“(N)o one is too old, or too rich, or too poor, or too sympathetic to escape criminal prosecution” for evading the duty to pay taxes. This quote from Bryan Skarlatos, a New York based lawyer, reflects a lesson that is being learned the hard way by some. Mary E. Curran, for example, is a seventy eight year old charity worker who was recently convicted of evading $668,000 in taxes on an undisclosed bank account left to her by her late husband.
Ms. Curran, however, is hardly the only one being scrutinized by government accountants, however. Here’s a look at some big cases that have developed recently.
No, this isn’t the name of a lost city made from gold. Eldorado is a Russia based company that sells home appliances, electronics, and other popular items. Owned by Igor Yakolev, Eldorado operates more than eleven hundred stores within Russia’s boundaries, as well as six “superstores” under the ETO brand, and forty stores in Kazakhstan. The company generates an estimated USD $6 billion yearly. Unfortunately, they are currently under investigation for evading taxes on some of that income.
Authorities claim that during the 2004 2005 time period, Eldorado upper management actively avoided paying over USD $300 million in import taxes. It is alleged that Alex Shifrin, Eldorado’s General Director at the time, created a series of false companies through which goods were imported. These companies would exist for a few days, but as soon as product entered the country they would dissolve before paying the import tax.
Tax authorities say that the company owes in excess of USD $300 million in back taxes. Lawyers for Eldorado claim that the actual number is only half of that amount. Should the higher number stand at the end of the investigation, Mr. Yakoley says he will be forced to sell part of his company in order to meet other financial obligations.
U.S. Crackdown On Undisclosed Accounts
Four years ago, the United States and Switzerland struck a deal that forced Swiss bank UBS to hand over the names of U.S. persons owning overseas accounts. This has so far resulted in over fifty criminal cases being won by the U.S. and collected $5.5 billion in taxes owed, with an estimated hundred more investigations that are currently ongoing. The deal didn’t only affect UBS. The IRS is also investigating a number of smaller Swiss banks that do not have physical locations in the United States, but whose accounts in the States were serviced by UBS.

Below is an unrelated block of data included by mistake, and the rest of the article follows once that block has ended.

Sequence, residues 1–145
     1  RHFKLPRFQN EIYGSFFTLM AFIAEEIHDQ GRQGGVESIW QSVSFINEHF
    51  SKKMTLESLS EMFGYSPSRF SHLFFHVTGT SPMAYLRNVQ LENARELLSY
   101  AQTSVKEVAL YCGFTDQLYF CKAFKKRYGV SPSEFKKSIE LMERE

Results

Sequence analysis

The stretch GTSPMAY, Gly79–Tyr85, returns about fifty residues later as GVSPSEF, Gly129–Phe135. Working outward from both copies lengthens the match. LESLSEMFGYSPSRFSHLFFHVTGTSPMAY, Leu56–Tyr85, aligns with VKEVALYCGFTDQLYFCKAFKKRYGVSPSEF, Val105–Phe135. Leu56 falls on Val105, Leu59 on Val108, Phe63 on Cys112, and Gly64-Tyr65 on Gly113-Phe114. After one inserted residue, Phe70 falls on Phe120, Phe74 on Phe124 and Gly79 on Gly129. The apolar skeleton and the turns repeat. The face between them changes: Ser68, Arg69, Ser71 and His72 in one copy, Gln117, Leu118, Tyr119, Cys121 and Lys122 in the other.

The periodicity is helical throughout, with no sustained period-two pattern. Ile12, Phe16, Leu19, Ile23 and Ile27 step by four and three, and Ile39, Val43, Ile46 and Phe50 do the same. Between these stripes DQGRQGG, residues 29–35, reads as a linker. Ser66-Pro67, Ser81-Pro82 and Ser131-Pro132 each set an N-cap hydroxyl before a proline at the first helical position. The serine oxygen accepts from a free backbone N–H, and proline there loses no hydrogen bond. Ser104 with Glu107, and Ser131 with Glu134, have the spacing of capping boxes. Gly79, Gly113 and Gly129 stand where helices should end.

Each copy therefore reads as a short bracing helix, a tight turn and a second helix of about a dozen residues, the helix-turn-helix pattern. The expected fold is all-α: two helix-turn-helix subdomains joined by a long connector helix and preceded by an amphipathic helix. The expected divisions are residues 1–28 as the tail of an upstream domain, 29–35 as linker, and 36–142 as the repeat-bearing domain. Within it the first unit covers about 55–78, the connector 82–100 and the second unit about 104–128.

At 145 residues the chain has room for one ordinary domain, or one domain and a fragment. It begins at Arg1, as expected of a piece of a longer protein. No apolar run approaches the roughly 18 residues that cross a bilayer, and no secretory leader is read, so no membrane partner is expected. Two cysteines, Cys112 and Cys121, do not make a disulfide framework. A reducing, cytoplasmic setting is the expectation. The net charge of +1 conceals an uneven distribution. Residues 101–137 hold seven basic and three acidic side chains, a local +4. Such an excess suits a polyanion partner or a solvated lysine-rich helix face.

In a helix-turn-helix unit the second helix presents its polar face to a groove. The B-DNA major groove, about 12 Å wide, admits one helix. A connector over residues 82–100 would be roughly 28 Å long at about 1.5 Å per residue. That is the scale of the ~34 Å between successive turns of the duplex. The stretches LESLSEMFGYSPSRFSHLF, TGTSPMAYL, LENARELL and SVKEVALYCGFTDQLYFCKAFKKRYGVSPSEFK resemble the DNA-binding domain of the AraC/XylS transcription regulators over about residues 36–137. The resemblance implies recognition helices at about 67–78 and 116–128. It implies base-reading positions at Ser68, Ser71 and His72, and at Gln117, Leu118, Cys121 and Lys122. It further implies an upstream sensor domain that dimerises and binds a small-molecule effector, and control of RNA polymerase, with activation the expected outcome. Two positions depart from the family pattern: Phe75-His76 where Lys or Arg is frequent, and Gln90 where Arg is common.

In order to save money on investigations and prosecution, the U.S. is currently operating it’s third tax amnesty program since 2009. While those approved for amnesty typically have to pay all of their taxes owed as well as very high penalties, they avoid the possibility of jail time. So far, these amnesty programs have recovered another $5.5 billion with another $5 billion due to be paid.
The Zumba Lady
In the small Maine town of Kennebunk, a much smaller, but very interesting, tax evasion case is unfolding.
Alexis Wright has made international news for allegedly running a one woman prostitution business out of her Zumba studio. In addition to prostitution, state prosecutors say that Wright owes tax money on over $150,000 generated through her activities. While this sounds like a very small, almost laughable case in the grand scheme, it has attracted international attention due to Wright’s alleged meticulous record keeping. Former President George H.W. Bush also owns a compound in the nearby town of Kennebunkport.